So you know that deal Allergan has with the Mohawk tribe? The one that protects its Restasis patent? Some folks crunched the numbers: Without a generic, Americans will spend at least $10.7 billion-with-a-B more because of it. That’s the price difference over five years, coming out of taxes (Medicare, Medicaid) and insurance premiums and going into Allergan’s pockets.
The UGA College of Pharmacy will receive $1 million from the Arthur M. Blank Family Foundation “to support pharmacy students facing financial hardships.”
The foundation is also giving UGA another $500K (matched by the Georgia Commitment Scholarship Program) for “need-based scholarships benefiting UGA students from Atlanta’s historic Westside neighborhoods.”
The teen motherhood rate in the U.S. is about the same. But the teen fatherhood rate? Up, up, up.
Why? There are only hypotheses right now: Better paternity testing, the “cougar effect,” the changing tastes of teenage girls. Good news: Teen parents are staying in school longer.
Six women sued GlaxoSmithKline in Illinois over birth defects they claim were caused by Paxil.
GSK said that Illinois doesn’t have jurisdiction because the women didn’t live there.
An Illinois court ruled that yes, yes it does.
GSK appealed to the Supreme Court, but yesterday SCOTUS declined to review that ruling. Illinois it is.
—Andrew Kantor • Oct. 03, 2017
You got that right. The APhA even has a planning guide to help you celebrate it: events, tours, counseling, you name it. So spread the word, join the party, get schwifty … and celebrate being a pharmacist! (Technicians can celebrate October 17 — that’s Pharmacy Technician Day.)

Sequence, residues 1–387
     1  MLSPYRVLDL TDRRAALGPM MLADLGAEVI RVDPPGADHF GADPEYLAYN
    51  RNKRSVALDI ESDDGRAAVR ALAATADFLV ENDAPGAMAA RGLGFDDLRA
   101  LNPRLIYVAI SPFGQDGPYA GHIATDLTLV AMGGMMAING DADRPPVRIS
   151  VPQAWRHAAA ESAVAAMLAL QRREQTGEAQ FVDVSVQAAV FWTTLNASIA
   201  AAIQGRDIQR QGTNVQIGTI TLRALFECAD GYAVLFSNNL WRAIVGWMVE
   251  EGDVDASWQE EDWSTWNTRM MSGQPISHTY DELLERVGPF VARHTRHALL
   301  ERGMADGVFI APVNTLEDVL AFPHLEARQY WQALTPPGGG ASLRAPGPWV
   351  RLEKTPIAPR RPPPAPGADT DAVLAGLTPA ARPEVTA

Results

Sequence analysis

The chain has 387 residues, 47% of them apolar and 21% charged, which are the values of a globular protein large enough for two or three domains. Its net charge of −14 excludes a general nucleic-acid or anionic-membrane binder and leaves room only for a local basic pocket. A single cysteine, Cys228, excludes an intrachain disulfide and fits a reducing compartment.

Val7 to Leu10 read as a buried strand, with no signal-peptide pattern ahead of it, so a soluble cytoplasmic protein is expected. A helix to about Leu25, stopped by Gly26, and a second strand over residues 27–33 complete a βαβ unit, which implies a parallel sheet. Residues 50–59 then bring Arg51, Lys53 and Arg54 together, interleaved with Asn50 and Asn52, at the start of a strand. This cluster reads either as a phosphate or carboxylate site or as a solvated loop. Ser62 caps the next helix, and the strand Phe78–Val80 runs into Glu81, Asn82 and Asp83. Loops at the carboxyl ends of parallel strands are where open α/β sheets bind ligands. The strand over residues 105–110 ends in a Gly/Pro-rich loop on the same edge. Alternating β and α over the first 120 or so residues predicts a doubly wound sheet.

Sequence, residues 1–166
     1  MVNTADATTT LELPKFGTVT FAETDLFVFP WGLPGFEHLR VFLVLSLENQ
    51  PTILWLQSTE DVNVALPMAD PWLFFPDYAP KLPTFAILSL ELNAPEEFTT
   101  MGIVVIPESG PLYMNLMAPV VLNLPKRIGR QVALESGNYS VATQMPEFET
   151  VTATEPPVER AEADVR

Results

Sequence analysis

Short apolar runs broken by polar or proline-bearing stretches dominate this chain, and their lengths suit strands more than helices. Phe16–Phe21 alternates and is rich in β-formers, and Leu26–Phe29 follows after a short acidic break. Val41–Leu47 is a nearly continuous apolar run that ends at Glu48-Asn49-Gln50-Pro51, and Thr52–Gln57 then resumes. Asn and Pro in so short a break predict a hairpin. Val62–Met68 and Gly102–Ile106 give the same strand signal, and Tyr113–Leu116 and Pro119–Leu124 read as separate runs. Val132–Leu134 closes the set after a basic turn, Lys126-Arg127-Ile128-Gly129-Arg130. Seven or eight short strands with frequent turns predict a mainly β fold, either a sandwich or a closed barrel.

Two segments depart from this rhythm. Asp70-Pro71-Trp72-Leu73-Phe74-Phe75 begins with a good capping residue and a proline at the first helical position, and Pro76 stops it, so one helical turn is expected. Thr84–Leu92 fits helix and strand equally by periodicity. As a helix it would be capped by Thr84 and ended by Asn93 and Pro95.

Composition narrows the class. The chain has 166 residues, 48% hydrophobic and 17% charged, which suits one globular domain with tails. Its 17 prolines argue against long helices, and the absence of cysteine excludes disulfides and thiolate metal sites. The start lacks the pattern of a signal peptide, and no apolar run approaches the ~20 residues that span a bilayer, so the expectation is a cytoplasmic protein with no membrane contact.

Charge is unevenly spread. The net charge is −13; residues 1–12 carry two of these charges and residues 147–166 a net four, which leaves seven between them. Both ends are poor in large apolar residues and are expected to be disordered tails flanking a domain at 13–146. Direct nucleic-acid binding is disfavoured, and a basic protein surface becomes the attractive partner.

Share the love: Show off your pics, stories, and whatever else you got with firstname.lastname@example.org or hashtag it #APhM2017 on Twitter or Facebook. Or Instagram. Or Snapchat. Or whatever the kids are using these days.
If you’re near Woodstock (the one in Georgia) tonight, stop by the Cherokee County Opioid & Heroin Community Awareness Forum. GPhA’s gonna be there with a table, helping to spread the word that pharmacists are fighting the epidemic, too. The more white coats, the better!
According to the CDC, there are about 110 million cases of chlamydia, gonorrhea and syphilis in the U.S. right now, walking among us. (Note: That doesn’t (yet) mean that almost one in three Americans has an STD. Some people have more than one.)
Have some fun facts:
Congress has allowed the Children’s Health Insurance Program to expire. Without funding, about nine million will lose access to medical care ranging from routine checkups and immunizations to dental care and hospitalization.
Painful diabetic neuropathy appears to be caused by a single molecule: HCN2. The investigation is ongoing; police say HCN2 has been cooperating with their inquiries.
USP intends to postpone the official date of General Chapter <800> Hazardous Drugs – Handling in Healthcare Settings. You know what this means.
The Nobel Prize in Physiology or Medicine 2017 was awarded to three Americans “for their discoveries of molecular mechanisms controlling the circadian rhythm.”
Bonus: Unlike the prizes for physics or chemistry, this one is actually understandable by lay people.
A judge has ruled that yes, a new Maryland law that lets the state say ‘No’ to price gouging on drugs can go into effect.
The state’s Medicaid program pays for a lot of drugs, obviously, and the new law allows it to flex some of that buyer’s muscle. If an “essential” generic drug’s price rises 50 percent or more over a two-year period, the state’s attorney general can take the drug maker to court.